Saturday, May 5, 2012

Challenges facing Yemeni people

The real test will be their determination to achieve their goals peacefully
    Gulf News Editorial
May 5, 2012
Yemen today continues to be in a dangerous state as instability still reigns in the country. Yet the most important challenge is the fact that the country's future is alarmingly vague. Yemen should not be left to its fate and individuals who can only lead it into a state of chaos and disintegration.
It has been two months since a new president took power following protests and clashes with the former regime that left hundreds dead or wounded. That was a period of struggle as thousands of protesters risked their lives so that their voice for freedom and human rights could be heard.
But after so many deliberations between all the parties involved, the real question today is where the country stands. Is Yemen really on the path to development and nation-building that is inclusive? Or has it side-tracked on to the dangerous road of tribal fighting and political disunity?
There is no question that Yemenis understand how critical it is for the nation to move forward. Yet the ultimate test will be the determination of the people to attain their goals peacefully.

Ahmar gone, Ahmar remained; conflict of interest in Yemen

By Fatik al-Rodaini
SANA'A, May 5, 2012- After more than a year of political turmoil in Yemen, Yemenis started thanking deeply of their future after they forced ex-president Ali Abdullah Saleh to step down. But are the revolutionaries won their future especially after their dreams being hacked by the opposition coalition when they accepted to form an interim government with the General People's Congress, the former ruling party, opening the door wide to the ally of the former regime to stole and took all of their dreams. No doubt that al-Ahmar family and General Ali Mohssen al-Ahmar were the most beneficiary people of the youth revolution.
There is a say Yemenis always repeat that Sheikh Abdullah al-Ahmar before his death in 2007, he told the ex-president Ali Abdullah Saleh to take care of his sons after his death. However, the sons of Sheikh al-Ahmar deal with their father's will with careless replying to their father "you have to ask us to take care of Ali Saleh.''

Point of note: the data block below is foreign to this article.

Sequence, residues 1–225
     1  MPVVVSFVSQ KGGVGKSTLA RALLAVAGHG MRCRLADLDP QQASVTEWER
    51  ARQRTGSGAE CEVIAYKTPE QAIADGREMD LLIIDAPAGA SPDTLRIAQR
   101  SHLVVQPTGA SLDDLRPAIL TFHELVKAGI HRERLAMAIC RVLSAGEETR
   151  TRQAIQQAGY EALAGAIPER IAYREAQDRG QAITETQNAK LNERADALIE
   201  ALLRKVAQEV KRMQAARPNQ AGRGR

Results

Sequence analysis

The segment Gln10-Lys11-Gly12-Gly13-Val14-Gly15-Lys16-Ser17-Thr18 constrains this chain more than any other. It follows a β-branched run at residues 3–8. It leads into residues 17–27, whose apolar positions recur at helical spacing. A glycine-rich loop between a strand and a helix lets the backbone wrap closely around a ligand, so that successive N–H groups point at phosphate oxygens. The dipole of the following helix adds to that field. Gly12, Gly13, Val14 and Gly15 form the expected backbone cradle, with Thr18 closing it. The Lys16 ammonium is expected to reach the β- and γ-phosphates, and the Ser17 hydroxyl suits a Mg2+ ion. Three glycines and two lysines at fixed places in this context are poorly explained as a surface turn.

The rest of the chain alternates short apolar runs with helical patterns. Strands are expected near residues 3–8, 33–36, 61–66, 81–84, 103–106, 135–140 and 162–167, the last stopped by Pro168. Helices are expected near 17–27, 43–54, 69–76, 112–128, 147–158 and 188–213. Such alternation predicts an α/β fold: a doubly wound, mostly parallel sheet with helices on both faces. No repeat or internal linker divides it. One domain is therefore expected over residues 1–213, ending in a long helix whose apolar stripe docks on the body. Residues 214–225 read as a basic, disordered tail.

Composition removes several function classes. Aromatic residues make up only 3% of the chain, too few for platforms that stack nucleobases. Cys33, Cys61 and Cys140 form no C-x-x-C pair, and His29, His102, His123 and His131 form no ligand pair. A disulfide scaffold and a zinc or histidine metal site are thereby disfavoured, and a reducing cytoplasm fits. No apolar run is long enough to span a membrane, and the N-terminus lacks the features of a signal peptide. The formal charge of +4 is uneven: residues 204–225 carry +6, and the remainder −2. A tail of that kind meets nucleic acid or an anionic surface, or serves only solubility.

Whether that the say was really or not, it reflected a reality that al-Ahmar's sons were look to Saleh's family with arrogance.
Former president of Yemen was also known as Ali Abdullah Saleh al-Ahmar.
Actually, there is a hidden conflict between al-Ahmar's family and Saleh's family, each one thinks that he is only the one who deserve to have the presidency in Yemen more than the other. The father of Sheikh Sadeq al-Ahmar, the eldest of 10 sons of the late Sheikh Abdullah al-Ahmar (who was the speaker of Parliament, leader of the Islah party, and paramount sheikh in Yemen prior to his death in 2007), was looking to Saleh as a strategic ally.
While you are the president, I still your Sheikh, as a matter of fact Sheikh al-Ahmar was the Sheikh of the president. For that reason al-Ahmar family dominated the power as same as the President Saleh.
So both of them retain enough power to the control the country, sometimes al-Ahmar family have more power than president Saleh himself and his family.
We can say that the country or (the pie) was divided between three families, al-Ahmar family, General Ali Mohssen, and the last one is the Saleh family. The three families keep the power and wealth for almost 33 years, but the equation is changed in 2007.